A new video released through the JAMA Network and the BMJ captures the achievements of evidence-based medicine (EBM) and explains what remains to be done, as explained by pioneers in the field.
Leaders in EBM were invited to participate in the oral history event and filming, and the interviews were woven together to create “Evidence-based medicine: An oral history,” available free of charge online. The video features these leaders’ perspectives on such topics as:
- The past, present and future of EBM
- Barriers and controversies associated with the EBM movement
- Personal reflections of clinical and patient encounters
- Shared decision-making in the context of EBM
Video participants include Iain Chalmers, MBBS, Gordon Guyatt, MD, Muir Gray, MD, and David L. Sackett, MD.
In the video, Dr. Guyatt recalls how the name “evidence-based medicine” came about, when he was director of the internal medicine residency program at McMaster University in 1990. At this time, he sought to change the program so that physicians managed patients based not on what authorities told them to do but on what actually worked, as evidence demonstrated.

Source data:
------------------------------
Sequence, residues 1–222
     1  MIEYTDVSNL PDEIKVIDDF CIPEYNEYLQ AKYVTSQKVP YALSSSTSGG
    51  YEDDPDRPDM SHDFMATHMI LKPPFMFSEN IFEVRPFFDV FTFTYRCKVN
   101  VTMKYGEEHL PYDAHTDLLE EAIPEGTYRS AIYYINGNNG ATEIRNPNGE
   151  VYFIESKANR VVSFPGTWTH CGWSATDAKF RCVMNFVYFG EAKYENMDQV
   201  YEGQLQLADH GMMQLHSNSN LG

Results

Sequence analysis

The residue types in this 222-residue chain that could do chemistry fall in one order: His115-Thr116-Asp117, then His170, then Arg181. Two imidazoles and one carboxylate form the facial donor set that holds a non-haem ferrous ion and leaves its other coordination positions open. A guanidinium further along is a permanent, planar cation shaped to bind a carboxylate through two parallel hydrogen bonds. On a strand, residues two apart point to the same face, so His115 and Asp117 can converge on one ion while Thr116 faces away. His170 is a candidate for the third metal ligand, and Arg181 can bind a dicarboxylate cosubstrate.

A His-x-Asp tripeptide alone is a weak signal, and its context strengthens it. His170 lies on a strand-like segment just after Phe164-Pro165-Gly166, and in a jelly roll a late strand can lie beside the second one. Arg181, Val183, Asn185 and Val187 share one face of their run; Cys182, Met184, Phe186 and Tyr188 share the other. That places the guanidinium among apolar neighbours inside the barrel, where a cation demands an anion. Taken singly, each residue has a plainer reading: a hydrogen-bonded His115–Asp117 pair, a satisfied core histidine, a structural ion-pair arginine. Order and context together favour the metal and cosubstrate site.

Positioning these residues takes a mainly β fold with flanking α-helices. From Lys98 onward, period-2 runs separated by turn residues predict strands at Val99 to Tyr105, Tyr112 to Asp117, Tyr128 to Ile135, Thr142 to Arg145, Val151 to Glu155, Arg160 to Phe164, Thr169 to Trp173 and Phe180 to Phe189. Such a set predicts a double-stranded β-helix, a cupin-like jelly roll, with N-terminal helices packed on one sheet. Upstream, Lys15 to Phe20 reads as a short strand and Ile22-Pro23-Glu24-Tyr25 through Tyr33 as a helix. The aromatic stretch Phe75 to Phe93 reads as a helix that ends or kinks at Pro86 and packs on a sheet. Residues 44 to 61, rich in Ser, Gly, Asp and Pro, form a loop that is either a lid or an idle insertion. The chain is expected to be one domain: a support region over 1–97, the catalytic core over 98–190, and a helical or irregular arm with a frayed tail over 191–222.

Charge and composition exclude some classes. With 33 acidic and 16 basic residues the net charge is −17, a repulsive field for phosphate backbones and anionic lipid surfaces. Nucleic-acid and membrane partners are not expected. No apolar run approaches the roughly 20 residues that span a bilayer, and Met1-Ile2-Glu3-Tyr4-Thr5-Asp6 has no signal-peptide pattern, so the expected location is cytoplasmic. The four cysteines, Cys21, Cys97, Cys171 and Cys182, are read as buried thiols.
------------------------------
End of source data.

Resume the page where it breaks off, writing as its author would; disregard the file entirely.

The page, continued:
“My first attempt at coming up for a name for it was ‘scientific medicine’ … [but] the basic scientists were so enraged that I was calling what we were doing ‘scientific medicine’ that I thought, ‘Back to the drawing board,” Dr. Guyatt said. “And the second notion of what we might call it was ‘evidence-based medicine,’ and boy, did that turn out to be a good choice.”
“The paradigm has shifted now,” Dr. Gray said in the video. “We are now in a world in which people are clear that knowledge has a quality as well as a quantity. … We’re not finished yet. It’s very clear now this is the century of the patient. … We now have the knowledge, and we now have the technology to deliver it.”